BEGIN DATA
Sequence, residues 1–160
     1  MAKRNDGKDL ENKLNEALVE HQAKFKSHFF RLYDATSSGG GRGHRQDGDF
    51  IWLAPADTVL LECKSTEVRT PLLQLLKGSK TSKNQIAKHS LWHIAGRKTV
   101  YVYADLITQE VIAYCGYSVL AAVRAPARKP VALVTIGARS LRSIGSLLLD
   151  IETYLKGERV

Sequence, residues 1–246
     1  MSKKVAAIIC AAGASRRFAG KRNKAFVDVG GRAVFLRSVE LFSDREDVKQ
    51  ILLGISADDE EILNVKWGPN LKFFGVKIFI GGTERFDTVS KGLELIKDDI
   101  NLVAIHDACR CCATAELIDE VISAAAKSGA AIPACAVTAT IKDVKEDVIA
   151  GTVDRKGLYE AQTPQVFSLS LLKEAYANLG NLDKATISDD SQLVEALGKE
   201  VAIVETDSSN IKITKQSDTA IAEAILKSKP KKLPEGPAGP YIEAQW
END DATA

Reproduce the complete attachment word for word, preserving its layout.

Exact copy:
Sequence, residues 1–160
     1  MAKRNDGKDL ENKLNEALVE HQAKFKSHFF RLYDATSSGG GRGHRQDGDF
    51  IWLAPADTVL LECKSTEVRT PLLQLLKGSK TSKNQIAKHS LWHIAGRKTV
   101  YVYADLITQE VIAYCGYSVL AAVRAPARKP VALVTIGARS LRSIGSLLLD
   151  IETYLKGERV

Sequence, residues 1–246
     1  MSKKVAAIIC AAGASRRFAG KRNKAFVDVG GRAVFLRSVE LFSDREDVKQ
    51  ILLGISADDE EILNVKWGPN LKFFGVKIFI GGTERFDTVS KGLELIKDDI
   101  NLVAIHDACR CCATAELIDE VISAAAKSGA AIPACAVTAT IKDVKEDVIA
   151  GTVDRKGLYE AQTPQVFSLS LLKEAYANLG NLDKATISDD SQLVEALGKE
   201  VAIVETDSSN IKITKQSDTA IAEAILKSKP KKLPEGPAGP YIEAQW